Daenerys begins her assault on the Red Keep itself just as Arya and the Hound enter. The Hound tells Arya to go home. She insists that she’s determined to get her revenge, but the Hound convinces her that it’s pointless. While he has no choice but to press forward and face his brother, he implores her not to be like him. There’s no sense in Arya dying when Cersei is as good as dead anyway.

In denial that the Red Keep will fall, Cersei doesn’t want to leave. Finally, Qyburn talks sense into her. In the process of retreating, they’re stopped in a stairwell by the Hound, who kills their Kingsguard escort. The Mountain steps forward and ignores Cersei’s order to stay by her side. He shoves Qyburn out of the way, slamming him into a wall with enough force to kill him. The Hound has no interest in Cersei and allows her to pass alone as he faces his brother.

The Hound is a seasoned fighter, but is nonetheless outmatched by the giant zombie beast that the Mountain has become. He manages to knock his brother’s helmet off and stab him through the gut, but the Mountain refuses to die. He picks up the Hound by his head and crushes his eyeballs. The Hound scrambles for a dagger and stabs it directly into his brother’s forehead. Even that doesn’t stop the monster. He drops the Hound and stumbles back a step, but reaches up and pulls the dagger out. Blinded but not dead, the Hound charges the Mountain and knocks him through an exterior wall. Both brothers plummet off the side of the castle into a blazing inferno below. Terrified of fire for most of his life, the Hound was perhaps always destined to die in flames.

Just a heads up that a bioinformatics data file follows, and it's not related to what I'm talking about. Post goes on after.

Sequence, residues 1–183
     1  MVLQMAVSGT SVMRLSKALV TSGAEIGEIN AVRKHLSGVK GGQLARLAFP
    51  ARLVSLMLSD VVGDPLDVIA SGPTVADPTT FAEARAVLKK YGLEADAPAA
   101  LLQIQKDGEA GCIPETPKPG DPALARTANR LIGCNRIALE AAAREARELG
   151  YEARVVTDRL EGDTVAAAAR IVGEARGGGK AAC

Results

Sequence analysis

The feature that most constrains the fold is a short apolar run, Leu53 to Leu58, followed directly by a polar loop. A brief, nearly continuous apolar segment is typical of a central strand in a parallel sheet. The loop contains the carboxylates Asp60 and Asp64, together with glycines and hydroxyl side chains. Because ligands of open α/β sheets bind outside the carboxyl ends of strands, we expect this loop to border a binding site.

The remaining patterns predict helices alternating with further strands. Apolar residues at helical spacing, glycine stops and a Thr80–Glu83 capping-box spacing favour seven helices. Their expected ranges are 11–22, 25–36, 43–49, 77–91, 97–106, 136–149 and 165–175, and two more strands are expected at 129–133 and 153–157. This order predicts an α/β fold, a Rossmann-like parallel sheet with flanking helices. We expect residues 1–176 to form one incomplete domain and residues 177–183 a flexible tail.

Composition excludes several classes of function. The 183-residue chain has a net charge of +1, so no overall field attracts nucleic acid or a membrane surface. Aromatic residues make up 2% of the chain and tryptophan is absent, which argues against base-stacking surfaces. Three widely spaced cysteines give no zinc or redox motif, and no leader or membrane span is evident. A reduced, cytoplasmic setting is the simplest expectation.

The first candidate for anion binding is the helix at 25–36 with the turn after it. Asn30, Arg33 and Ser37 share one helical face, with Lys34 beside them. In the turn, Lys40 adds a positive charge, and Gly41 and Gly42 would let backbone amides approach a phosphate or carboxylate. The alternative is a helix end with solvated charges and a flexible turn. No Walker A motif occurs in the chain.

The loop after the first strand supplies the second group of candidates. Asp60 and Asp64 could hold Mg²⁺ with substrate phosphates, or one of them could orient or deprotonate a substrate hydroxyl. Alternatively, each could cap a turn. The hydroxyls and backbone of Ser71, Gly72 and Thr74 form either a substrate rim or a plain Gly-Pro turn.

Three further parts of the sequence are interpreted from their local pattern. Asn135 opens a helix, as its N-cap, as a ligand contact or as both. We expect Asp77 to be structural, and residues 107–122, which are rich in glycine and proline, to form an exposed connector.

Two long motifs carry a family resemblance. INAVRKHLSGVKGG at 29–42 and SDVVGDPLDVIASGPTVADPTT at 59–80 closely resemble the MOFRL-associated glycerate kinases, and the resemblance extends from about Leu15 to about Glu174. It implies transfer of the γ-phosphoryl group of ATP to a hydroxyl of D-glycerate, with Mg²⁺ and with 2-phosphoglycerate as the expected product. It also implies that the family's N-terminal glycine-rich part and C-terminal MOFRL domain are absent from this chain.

Cersei works her way downstairs and runs into Jaime. The two embrace and Jaime leads her to the basement. However, he finds their exit blocked by rubble. Cersei pleads with him to save her. She wants their baby to live. Jaime brings her close, tells her “Nothing else matters, only us,” and holds her until the castle collapses down on top of them.

Jon Snow orders his army to fall back and leave the city. Some do, but it’s unclear how many stay to continue marauding.

While trying to escape, Arya bears witness to the horrors of the city as Daenerys continues burning it to the ground. Throughout King’s Landing, explosions of green fire erupt, presumably the result of hidden stores of wildfire. Arya is nearly trampled by a mob, but is saved by the compassion of a random woman. She’s injured and winds up in a shelter with a bunch of terrified commoners, including that woman and her young child. Arya convinces them that they’re not safe and tries to lead them out. The woman is wounded and begs Arya to save her daughter, but the girl refuses to leave her mother. Arya watches helplessly as the both of them are incinerated in a Daenerys fly-by.